Clueless (1995) Long before Regina George there was Cher Horowitz, the benevolent queen bee of Amy Heckerling's spunky modern adaptation of Jane Austen's novel Emma. As a privileged white girl living it up in California, Cher feels its her duty to help the less fortunate, which means befriending a painfully unhip new girl and giving her a drab to fab makeover. But when the two starting crushing on the same guy, things get "way harsh." Alicia Silverstone stars; Brittany Murphy, Paul Rudd and Stacey Dash lend unforgettable support in this iconic teen comedy.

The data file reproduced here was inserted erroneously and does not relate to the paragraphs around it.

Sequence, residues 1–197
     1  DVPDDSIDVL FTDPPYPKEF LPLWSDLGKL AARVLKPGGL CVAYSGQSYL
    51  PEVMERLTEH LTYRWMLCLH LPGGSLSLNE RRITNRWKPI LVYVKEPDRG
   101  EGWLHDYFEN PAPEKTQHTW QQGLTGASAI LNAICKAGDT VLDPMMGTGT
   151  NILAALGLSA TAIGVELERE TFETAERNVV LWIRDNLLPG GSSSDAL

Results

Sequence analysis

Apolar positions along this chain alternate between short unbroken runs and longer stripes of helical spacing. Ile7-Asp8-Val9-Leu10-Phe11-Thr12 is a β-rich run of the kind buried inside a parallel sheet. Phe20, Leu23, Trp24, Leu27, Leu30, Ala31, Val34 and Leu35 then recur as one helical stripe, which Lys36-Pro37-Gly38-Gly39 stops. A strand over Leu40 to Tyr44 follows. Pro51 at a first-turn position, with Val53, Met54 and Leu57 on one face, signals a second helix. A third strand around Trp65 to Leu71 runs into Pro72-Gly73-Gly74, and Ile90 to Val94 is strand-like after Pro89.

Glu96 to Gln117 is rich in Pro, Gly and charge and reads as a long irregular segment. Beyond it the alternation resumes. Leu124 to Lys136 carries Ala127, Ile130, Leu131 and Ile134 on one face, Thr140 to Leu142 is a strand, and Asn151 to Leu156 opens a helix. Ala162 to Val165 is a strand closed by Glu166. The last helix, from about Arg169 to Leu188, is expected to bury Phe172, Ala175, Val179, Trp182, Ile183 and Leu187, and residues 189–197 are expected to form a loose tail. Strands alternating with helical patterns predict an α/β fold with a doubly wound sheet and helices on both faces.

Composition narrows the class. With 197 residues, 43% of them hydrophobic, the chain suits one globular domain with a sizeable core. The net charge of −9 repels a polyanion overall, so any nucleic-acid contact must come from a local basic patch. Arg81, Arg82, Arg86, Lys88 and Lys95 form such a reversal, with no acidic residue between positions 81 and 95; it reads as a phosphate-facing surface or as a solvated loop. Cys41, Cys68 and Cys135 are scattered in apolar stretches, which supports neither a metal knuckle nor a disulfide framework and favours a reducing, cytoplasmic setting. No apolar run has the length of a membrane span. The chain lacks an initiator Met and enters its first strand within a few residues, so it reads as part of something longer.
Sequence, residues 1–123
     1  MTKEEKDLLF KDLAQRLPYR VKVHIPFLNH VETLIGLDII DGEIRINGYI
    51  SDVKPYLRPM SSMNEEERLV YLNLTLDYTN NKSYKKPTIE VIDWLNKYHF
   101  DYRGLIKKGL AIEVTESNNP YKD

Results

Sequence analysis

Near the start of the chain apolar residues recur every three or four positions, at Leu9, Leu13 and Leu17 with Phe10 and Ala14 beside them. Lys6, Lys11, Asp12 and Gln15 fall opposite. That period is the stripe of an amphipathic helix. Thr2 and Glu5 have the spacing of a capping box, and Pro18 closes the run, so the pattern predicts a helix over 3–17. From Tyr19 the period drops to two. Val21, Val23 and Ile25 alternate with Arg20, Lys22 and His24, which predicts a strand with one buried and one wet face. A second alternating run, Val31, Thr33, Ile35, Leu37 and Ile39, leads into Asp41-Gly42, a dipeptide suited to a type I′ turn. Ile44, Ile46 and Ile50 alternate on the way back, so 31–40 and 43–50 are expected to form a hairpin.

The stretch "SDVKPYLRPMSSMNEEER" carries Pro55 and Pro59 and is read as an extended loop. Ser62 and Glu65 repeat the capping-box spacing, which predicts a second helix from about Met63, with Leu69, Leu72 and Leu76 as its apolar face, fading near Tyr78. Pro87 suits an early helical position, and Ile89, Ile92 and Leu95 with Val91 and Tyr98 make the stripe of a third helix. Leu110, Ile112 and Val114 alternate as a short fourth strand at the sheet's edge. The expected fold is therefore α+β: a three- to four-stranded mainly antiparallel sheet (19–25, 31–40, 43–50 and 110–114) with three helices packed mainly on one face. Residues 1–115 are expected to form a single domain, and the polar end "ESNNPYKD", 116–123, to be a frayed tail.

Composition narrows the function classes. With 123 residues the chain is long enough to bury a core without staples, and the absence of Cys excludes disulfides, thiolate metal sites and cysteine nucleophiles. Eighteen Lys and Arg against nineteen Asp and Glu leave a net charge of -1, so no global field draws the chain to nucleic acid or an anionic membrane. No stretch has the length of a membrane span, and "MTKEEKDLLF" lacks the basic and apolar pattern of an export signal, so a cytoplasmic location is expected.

Parks and Recreation (2009) Centering on plucky aspiring politician Leslie Knope (Amy Poehler), this celebrated sitcom shines in part because of the incredible chemistry its ensemble shares. Leslie is remarkably ambitious, but nonetheless loves her friends—from her bacon and brunette-loving boss Ron Swanson (Nick Offerman) to her levelheaded and wry bff Ann Perkins (Rashida Jones)--with a fierce abandon, rewarding their patience with insanely thoughtful and specially catered gifts and undying—though sometimes overdramatic—loyalty. Chris Pratt, Aziz Ansari, Aubrey Plaza, Rob Lowe and Bachelorette's Adam Scott co-star. Seasons 1-4 now streaming.